A PWC report suggests that by 2015, the Indian music industry is set to grow up to Rs 21.4 billion, registering a growth of 25.7 per cent. But the physical sale of music albums is going to dip because of consistent volume de-growth emanating from factors such as price erosion, piracy and the emergence of digital distribution. Although the report suggests that digital downloads and mobile Value-Added-Services, or VAS, (ring tones and caller-tunes), will contribute up to 75 per cent in the growth of the Indian music industry over the next two years, industry experts say it is not going to lead to real cash inflow for an indie band. Digital downloads simply creates awareness about a certain band or an artist's work. The interest can then be converted into tangible monetary gains through live performances.
But before putting an album online, there are far too many areas to manage and pay for - consider sound mixing and editing, studio rentals, equipment rentals, cartage and transportation, producer's fee and distribution platform fee - even after cutting corners. This is where day jobs come in handy. By day, folk-rocker and frontman Raghupathy Dixit of The Raghu Dixit Project took up an IT job in Bangalore and, by night, honed his singing and song writing skills. Once he started making radio jingles that took care of the daily expenses, he quit his day job for good.
Apart from the odd day job and composing jingles, most indie musicians earn their living by playing live. "In the West, the whole thing is more organised, with enough places to play - clubs, pubs or auditoriums," says Rudy Wallang, the lead guitarist of the blues band Soulmate. Though Wallang hails from Shillong, the capital of rock 'n' roll in India, he says that he does only an odd gig over there owing to the lack of venue infrastructure. "It's hard for a show organiser to get us from Shillong to any other part of the country because of the travel costs involved. This has taught us to connect the dots and plan for multi-city tours or weekly series of gigs at a particular venue. The cost is shared by multiple organisers - we get to travel, play our music and earn a living."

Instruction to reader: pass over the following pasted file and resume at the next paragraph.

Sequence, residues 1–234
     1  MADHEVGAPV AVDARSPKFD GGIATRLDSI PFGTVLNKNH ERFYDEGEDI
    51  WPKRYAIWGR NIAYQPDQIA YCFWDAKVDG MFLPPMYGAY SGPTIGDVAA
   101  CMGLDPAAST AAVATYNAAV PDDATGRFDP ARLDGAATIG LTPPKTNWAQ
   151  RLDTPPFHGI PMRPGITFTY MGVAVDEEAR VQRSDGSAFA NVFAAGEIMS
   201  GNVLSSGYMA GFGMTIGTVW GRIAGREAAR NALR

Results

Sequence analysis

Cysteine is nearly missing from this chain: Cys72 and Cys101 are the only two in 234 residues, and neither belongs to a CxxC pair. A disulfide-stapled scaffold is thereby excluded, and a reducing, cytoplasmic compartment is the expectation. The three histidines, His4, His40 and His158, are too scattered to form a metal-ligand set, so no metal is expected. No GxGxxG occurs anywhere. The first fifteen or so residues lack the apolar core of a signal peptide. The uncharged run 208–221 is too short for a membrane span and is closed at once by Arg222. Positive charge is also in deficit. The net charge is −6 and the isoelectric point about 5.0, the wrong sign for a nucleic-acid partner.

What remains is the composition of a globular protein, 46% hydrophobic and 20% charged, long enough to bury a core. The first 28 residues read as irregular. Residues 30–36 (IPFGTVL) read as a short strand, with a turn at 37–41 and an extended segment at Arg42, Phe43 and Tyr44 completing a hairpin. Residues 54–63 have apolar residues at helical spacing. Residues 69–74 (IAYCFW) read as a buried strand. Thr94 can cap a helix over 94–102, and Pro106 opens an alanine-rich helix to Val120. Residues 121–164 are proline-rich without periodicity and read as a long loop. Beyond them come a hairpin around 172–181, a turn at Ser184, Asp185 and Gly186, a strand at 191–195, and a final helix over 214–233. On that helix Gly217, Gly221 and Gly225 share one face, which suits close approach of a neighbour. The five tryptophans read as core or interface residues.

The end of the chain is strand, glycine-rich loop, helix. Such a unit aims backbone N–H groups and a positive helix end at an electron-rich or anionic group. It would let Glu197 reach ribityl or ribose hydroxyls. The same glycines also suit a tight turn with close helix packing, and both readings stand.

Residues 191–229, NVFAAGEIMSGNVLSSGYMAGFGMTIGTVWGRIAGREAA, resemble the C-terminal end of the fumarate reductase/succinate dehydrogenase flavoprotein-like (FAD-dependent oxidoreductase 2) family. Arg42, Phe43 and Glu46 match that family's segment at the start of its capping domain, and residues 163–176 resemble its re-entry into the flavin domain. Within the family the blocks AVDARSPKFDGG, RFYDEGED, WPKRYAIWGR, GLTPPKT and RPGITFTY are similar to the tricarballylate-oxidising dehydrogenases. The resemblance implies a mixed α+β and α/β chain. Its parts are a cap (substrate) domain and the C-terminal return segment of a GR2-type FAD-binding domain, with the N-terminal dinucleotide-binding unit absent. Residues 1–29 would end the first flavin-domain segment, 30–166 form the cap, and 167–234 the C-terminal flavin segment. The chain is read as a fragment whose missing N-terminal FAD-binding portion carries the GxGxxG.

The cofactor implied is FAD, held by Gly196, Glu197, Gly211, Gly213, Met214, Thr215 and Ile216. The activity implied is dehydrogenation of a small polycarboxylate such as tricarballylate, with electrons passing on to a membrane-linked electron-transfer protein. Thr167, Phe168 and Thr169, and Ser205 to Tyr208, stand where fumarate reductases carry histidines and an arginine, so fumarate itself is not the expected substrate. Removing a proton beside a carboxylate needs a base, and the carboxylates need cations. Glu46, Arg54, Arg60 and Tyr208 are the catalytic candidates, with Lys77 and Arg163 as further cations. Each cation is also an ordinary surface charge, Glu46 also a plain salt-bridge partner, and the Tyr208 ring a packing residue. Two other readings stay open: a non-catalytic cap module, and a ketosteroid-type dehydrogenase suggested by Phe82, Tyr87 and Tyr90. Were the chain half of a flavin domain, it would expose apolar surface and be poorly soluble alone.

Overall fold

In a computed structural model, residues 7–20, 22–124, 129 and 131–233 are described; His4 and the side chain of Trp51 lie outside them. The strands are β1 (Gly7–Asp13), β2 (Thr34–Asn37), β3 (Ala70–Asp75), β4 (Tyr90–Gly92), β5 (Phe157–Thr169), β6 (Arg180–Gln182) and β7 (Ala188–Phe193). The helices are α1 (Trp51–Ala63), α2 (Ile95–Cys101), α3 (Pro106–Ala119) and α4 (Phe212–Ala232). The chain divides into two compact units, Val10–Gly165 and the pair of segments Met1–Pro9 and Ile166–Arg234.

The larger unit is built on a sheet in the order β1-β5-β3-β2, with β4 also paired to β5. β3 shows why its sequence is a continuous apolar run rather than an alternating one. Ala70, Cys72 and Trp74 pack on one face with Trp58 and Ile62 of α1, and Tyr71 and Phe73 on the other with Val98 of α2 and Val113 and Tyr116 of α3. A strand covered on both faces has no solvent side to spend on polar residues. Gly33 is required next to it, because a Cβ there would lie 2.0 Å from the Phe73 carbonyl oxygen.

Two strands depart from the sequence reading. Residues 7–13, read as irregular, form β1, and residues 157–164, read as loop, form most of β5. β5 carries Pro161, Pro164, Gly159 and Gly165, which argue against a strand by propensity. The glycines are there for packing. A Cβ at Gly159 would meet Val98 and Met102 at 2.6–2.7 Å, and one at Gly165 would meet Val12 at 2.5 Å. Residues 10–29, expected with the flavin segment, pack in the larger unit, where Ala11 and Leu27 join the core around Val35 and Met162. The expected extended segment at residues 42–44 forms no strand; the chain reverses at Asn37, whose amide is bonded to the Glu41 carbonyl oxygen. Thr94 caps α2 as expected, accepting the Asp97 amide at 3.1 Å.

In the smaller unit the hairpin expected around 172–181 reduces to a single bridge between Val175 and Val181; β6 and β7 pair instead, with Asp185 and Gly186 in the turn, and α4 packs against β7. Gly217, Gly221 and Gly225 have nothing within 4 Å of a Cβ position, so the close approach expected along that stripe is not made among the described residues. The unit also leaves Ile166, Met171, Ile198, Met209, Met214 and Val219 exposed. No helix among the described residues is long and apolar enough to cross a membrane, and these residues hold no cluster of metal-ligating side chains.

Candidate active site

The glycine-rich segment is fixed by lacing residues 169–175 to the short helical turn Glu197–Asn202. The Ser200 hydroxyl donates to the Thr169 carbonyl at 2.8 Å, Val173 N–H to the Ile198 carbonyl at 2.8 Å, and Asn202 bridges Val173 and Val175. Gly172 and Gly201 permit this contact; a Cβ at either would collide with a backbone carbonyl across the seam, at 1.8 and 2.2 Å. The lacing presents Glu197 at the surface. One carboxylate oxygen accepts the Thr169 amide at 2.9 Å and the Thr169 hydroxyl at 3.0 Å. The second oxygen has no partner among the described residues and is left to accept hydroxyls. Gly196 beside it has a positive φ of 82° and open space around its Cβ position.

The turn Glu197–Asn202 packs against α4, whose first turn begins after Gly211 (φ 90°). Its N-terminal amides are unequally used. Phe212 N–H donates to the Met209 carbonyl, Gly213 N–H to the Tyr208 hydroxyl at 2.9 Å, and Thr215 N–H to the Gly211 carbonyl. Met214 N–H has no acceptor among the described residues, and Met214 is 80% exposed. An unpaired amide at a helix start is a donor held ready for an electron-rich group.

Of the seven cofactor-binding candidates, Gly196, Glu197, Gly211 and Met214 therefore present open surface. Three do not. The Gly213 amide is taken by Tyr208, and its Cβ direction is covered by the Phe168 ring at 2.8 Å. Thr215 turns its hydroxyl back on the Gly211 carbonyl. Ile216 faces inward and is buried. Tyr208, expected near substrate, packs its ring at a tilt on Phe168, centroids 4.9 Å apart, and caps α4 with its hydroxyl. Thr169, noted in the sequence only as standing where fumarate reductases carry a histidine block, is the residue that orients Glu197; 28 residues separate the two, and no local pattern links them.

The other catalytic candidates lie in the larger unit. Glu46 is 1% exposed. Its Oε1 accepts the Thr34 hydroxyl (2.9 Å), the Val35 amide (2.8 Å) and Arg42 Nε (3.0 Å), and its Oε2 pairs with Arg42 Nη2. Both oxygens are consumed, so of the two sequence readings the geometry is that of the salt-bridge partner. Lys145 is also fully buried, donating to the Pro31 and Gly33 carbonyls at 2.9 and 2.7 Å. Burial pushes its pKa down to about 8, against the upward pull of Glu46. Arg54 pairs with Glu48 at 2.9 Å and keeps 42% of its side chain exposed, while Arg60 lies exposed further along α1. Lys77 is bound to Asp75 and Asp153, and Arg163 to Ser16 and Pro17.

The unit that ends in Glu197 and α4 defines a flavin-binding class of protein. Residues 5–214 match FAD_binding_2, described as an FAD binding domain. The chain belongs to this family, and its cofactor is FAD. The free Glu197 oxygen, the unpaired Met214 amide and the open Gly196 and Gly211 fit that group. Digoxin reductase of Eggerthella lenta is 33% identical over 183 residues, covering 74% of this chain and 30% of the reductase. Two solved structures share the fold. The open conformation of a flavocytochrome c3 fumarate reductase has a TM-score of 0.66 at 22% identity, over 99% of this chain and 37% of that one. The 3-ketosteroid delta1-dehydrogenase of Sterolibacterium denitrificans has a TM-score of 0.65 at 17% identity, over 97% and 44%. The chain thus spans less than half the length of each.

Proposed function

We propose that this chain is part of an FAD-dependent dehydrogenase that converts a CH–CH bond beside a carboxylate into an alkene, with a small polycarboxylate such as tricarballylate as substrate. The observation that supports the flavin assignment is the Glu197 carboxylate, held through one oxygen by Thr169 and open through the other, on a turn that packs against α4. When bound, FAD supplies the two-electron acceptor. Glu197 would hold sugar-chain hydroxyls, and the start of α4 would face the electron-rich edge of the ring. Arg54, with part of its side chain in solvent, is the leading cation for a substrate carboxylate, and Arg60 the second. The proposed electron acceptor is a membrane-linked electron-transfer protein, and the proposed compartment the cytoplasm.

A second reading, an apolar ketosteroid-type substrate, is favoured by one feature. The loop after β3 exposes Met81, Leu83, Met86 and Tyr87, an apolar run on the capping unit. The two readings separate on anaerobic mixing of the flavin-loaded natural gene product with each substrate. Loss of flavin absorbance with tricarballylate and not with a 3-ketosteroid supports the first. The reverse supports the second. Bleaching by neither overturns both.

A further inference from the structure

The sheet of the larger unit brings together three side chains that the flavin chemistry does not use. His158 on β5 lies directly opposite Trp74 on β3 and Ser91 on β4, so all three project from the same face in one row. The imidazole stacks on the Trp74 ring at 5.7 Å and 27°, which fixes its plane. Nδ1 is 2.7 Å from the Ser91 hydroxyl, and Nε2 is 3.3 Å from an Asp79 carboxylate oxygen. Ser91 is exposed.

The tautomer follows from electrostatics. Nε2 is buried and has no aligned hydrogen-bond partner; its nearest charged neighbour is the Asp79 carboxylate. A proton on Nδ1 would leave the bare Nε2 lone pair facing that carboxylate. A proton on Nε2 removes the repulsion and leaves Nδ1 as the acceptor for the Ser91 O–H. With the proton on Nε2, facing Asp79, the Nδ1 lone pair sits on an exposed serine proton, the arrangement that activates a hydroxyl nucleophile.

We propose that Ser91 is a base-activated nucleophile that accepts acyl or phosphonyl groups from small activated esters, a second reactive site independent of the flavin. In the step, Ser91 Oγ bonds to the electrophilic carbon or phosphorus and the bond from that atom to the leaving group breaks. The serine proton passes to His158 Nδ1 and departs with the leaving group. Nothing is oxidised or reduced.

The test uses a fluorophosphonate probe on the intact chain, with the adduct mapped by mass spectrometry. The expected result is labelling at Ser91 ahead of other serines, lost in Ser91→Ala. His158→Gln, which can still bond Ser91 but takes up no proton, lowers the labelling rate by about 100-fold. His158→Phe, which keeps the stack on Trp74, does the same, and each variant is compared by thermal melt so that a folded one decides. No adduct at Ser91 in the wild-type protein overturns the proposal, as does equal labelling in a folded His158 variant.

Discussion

Basement Jaxx performing at The Eristoff Wolves Den (Image courtesy: (NH7 Weekender)
Companies like OML and indiesision.com (a music blog that has now diversified into organising one of India's biggest indie festivals, NH7 Weekender in Pune) follow an 'event-funding model' where both brand partners and participating artists can enjoy greater exposure. Music festivals are planned with four to five years of incubation period with initial investments ranging from Rs 2.5 crore to Rs 4 crore, with event sponsorships ranging from Rs 1 lakh to Rs 70 lakh. The footfall at a festival in a second or third year can go up to 30,000 with passes costing upwards of Rs 1,500 each. In 2012 itself, multi-stage, multi-day events to travelling festivals and single-day affairs occupied the first three months - from the National Youth Festival in Mangalore to SulaFest in Nashik to the Gulmarg Winter Festival in Kashmir.
The cohesive creative movement that the music industry has witnessed over the last few years is finally benefitting the indie artist. The divergent path has paved the way for the entry of off-beat genres into mainstream television channels and even Bollywood. The advertisement pie for music channel, estimated at Rs 400 crore by the PWC, has proved effective in creating new products such as Dewarists, a show that showcases travel and music in a docu-drama format, and Coke Studio @MTV, which brings mainstream Bollywood artists together with regional talent (think Kailash Kher and Chinnaponnu).
More bands are playing more gigs and releasing more music that's being heard by more people than ever before. The Indian indie music scene is no longer an isolated and underground movement. Yet, it would be silly to assume that Indian indie music would soon take over the 'mainstream'; there will still be more takers for the mass products that Bollywood churns. However, as long as there is an incessant desire for fresh ideas and an inherent inclination for the offbeat on the part of both musician and audience, the indies are here to stay.